Young drivers present a danger to themselves and everyone else on the roadway. Beginner drivers do not have the real-world experience to safely navigate common roadway hazards, such as wet roads or children darting into traffic. They are also more prone to reckless and negligent driving behaviors, including distracted driving and drunk driving. In 2017, 3,255 teenagers ages 15 to 19 were involved in fatal car accidents in the U.S. These accidents caused the deaths of 1,830 teen drivers. If you are responsible for a young driver, learn how you can reduce his or her risk of getting into an auto accident.
Learn your state’s rules and stipulations for young drivers with learner’s permits. Most states and counties have specific laws in place for young and inexperienced drivers, such as harsher distracted driving restrictions and limits on what times of day the driver can be on the road. Learn and obey your state’s rules to increase your teen driver’s safety. If your teen’s license calls for supervised driving, for example, be sure to ride with your teen or send another responsible licensed driver along. Enforce a strict curfew by when your teen must be off the road. Many fatal accidents, especially those involving drunk and drowsy drivers, happen after sundown.
Driving while distracted makes it impossible to commit 100% of the driver’s attention to the road. Distracted drivers are the reason for thousands of serious and fatal auto accidents every year. In 2017 alone, the National Highway Traffic Safety Administration reported 3,166 deaths due to distracted drivers around the U.S. Teach your young driver to always put his or her cellphone away, safely out of reach, while driving. Go over distracted driving accident facts to express to your teen how dangerous this practice can be, even for experienced drivers. Set rules about other distractions as well, such as eating behind the wheel or driving with passengers.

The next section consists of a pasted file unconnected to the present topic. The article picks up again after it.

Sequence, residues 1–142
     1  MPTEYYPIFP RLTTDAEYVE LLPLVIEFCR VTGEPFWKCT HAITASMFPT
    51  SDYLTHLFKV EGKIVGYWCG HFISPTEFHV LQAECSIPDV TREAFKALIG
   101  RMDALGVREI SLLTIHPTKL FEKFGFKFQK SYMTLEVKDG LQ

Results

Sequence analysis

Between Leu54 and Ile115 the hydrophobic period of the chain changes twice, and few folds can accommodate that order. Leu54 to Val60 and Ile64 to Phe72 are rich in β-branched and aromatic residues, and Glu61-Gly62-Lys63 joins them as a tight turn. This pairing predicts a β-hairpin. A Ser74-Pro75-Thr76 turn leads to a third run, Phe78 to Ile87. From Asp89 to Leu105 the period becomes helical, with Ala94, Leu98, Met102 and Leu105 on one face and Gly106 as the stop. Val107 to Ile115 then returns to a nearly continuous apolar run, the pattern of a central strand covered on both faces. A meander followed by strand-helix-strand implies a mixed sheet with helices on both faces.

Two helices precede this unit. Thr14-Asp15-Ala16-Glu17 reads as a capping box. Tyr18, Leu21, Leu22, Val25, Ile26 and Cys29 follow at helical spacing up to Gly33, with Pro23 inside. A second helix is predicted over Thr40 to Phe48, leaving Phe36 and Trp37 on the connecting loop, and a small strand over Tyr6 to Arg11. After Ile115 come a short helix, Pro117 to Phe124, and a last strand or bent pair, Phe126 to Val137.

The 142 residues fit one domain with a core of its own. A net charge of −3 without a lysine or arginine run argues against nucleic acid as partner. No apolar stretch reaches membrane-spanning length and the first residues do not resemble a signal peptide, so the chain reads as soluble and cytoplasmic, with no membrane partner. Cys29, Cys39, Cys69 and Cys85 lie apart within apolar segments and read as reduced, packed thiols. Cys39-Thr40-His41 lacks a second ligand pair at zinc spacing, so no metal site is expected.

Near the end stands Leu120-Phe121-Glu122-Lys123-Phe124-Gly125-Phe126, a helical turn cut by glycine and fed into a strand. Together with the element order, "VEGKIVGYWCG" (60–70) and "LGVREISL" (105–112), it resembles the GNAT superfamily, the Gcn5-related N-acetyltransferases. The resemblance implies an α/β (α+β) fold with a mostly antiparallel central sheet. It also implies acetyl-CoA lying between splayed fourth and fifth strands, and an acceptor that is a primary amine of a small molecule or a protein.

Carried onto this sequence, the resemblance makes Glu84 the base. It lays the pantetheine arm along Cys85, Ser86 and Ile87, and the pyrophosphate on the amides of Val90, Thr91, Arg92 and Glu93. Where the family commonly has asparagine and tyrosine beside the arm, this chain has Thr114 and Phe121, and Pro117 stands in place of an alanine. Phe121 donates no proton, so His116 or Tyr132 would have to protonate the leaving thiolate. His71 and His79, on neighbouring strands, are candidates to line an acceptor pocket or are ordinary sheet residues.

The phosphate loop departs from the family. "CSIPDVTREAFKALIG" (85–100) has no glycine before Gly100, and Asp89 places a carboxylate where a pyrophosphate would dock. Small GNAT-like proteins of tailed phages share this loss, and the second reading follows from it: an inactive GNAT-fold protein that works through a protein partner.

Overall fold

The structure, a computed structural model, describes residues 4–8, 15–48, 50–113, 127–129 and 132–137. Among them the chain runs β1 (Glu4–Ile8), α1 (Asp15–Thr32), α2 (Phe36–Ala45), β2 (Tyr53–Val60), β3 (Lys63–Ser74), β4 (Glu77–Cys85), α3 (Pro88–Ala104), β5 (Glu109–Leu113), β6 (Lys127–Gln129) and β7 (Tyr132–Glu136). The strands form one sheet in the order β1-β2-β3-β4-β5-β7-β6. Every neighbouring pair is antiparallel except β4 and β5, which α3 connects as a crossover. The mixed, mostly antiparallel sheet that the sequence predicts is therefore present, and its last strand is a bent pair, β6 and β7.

Technology may be the main reason behind distracted driving, but it could also present the solution. When your child starts driving, use technology to your advantage to prevent him or her from texting or talking on a cellphone behind the wheel. Existing tech such as apps you can download onto your child’s cellphone can automatically block him or her from texting while driving. Emerging technologies such as car automation features can also help prevent distracted driving with features such as lane-departure warnings and lane-keeping assist. While your teen driver should not rely solely on technology to avoid distracted driving, certain tech can help keep you in control of what he or she does behind the wheel.
Statistically, drunk driving and related accidents are more common among young drivers than adults. In 2017, drivers 16 to 24 years old accounted for 42% of drunk drivers involved in fatal accidents. All states have a legal drinking age of 21, yet many drunk drivers killed in accidents are much younger. Teach your teen the extreme dangers of driving under the influence of drugs and alcohol. Express your willingness to pick him or her up without negative repercussions if he or she is too drunk to drive. Present safer alternatives to driving drunk such as staying at a friend’s house, using a designated sober driver or calling an Uber.
Your young driver will look to you as an example of how to operate a motor vehicle. If you are using your cellphone, eating fast food, driving distracted, driving intoxicated, speeding or engaging in other dangerous practices, your child will see these as normal and acceptable driver behaviors and do the same. Set a positive example by always obeying traffic laws and keeping safety in mind while driving, particularly with your child in the car. You have more influence over your teenager’s driving habits than you might think. Present an example of a safe driver and watch him or her follow suit. Teach your teenage driver good habits from the beginning to help prevent a tragic accident.